WASHINGTON — A wave of census layoffs cut the nation’s payrolls in June for the first time in six months, while private employers added a modest number of jobs. The unemployment rate fell to 9.5 percent, its lowest level in almost a year.
Employers cut 125,000 jobs last month, the most since last October, the Labor Department said Friday. The loss was driven by the end of 225,000 temporary census jobs. Businesses added a net total of 83,000 workers, an improvement from May. But that’s also below March and April totals.
The nation has 7.9 million fewer private payroll jobs than it did when the recession began.
Analysts expected private payrolls to rise by about 110,000, according to Thomson Reuters. The report indicates that businesses are still reluctant to hire as the economy slowly recovers form the worst recession since the 1930s.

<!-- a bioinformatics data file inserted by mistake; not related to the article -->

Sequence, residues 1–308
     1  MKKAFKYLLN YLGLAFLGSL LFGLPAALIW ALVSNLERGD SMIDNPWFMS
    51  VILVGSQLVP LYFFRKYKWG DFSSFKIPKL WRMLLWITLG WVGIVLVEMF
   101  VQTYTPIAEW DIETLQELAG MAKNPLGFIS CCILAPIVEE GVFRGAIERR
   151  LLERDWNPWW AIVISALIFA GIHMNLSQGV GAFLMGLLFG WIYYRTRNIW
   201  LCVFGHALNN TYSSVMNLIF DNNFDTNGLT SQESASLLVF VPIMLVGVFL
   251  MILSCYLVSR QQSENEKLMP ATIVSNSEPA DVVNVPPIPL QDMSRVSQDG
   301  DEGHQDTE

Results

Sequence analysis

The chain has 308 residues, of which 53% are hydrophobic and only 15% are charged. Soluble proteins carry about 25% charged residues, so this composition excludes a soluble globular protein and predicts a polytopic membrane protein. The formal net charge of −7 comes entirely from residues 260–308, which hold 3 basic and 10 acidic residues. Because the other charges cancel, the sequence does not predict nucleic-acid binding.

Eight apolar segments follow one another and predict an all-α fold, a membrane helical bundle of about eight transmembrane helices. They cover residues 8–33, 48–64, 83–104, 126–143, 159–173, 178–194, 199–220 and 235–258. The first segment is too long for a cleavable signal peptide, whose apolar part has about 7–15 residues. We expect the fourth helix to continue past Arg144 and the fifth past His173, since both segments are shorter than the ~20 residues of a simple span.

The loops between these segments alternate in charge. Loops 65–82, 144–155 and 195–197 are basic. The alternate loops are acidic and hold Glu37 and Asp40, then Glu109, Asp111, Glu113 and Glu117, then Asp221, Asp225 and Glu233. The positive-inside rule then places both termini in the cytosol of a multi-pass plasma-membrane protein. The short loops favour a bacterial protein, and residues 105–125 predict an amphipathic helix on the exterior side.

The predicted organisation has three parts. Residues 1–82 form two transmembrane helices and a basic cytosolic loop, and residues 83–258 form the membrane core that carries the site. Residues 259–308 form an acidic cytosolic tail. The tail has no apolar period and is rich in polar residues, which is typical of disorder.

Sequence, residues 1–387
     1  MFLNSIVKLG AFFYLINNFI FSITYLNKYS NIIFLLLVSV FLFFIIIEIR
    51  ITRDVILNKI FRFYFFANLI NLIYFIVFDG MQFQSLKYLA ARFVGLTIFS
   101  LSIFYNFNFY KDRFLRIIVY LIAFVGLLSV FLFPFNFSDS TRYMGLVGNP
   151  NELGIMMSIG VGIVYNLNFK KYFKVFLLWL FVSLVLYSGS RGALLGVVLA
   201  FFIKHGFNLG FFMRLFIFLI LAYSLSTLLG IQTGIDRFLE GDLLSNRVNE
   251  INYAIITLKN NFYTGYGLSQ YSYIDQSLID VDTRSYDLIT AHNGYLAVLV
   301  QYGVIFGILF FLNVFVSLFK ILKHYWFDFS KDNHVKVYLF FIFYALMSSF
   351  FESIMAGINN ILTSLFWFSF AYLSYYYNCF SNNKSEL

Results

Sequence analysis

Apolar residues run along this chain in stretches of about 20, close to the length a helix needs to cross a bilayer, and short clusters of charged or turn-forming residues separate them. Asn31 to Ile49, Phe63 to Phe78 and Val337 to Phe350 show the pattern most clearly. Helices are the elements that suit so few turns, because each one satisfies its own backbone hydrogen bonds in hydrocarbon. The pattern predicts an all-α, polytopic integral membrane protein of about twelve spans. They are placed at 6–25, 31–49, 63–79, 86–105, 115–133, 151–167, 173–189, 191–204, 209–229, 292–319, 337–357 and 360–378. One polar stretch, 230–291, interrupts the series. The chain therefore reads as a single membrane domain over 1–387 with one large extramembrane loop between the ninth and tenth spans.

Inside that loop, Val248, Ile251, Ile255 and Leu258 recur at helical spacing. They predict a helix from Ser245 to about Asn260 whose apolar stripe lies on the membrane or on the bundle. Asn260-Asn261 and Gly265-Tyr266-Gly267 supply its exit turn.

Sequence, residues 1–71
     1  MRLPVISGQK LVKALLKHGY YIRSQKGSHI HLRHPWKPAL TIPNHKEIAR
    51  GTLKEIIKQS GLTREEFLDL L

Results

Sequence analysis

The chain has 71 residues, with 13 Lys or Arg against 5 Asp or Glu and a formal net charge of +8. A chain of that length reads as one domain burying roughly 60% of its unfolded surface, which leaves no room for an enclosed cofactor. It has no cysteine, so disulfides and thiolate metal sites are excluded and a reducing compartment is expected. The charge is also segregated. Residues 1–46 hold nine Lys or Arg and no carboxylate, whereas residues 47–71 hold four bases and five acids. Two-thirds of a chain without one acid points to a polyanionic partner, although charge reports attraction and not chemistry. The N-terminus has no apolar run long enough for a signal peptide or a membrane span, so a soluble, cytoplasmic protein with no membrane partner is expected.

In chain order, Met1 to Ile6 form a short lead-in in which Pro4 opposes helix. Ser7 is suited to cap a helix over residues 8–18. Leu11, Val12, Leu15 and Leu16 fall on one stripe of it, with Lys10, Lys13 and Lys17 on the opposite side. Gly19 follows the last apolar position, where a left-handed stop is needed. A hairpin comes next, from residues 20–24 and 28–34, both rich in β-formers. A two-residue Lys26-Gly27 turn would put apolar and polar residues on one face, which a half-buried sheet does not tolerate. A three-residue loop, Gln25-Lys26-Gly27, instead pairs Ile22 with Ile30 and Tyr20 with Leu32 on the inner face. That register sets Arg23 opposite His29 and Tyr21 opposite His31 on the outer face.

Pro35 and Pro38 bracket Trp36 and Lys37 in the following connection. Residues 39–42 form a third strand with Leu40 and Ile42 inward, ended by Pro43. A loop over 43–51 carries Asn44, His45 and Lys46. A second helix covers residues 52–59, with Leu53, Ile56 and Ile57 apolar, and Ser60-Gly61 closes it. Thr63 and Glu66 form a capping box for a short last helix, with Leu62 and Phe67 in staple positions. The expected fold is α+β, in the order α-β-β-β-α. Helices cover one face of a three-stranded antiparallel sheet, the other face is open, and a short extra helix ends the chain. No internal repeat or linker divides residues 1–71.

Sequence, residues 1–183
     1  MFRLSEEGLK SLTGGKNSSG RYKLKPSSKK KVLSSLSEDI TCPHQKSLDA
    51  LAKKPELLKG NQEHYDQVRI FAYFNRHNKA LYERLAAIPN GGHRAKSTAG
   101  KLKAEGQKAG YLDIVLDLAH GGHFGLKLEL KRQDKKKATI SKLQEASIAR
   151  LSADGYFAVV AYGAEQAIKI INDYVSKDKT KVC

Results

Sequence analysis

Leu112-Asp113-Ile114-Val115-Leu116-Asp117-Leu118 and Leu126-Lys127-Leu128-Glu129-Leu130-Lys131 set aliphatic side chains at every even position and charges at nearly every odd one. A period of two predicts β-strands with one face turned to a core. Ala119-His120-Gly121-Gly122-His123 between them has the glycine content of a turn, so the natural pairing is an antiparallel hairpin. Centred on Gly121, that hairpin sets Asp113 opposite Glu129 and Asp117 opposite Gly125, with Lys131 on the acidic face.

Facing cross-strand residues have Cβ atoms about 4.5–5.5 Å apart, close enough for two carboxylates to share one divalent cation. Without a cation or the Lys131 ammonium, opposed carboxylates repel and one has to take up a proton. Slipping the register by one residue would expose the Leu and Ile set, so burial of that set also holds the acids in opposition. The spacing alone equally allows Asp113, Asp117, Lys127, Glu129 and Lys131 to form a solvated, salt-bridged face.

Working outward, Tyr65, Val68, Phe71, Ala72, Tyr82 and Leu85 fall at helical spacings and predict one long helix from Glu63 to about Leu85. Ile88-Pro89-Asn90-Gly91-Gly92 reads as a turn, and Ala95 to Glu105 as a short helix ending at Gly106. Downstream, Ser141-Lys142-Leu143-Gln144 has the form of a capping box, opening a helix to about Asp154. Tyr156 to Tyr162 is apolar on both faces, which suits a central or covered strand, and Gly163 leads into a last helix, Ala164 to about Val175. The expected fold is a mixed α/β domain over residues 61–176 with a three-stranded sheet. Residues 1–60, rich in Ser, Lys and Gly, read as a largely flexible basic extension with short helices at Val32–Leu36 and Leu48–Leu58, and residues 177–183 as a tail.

The unemployment rate fell as 652,000 people gave up on their job searches and left the labor force. People who are no longer looking for work aren’t counted as unemployed.
All told, 14.6 million people were looking for work in June. Counting those who have given up their job searches and those who are working part time but would prefer full-time work, the underemployment rate edged down to 16.5 percent from 16.6 percent in May.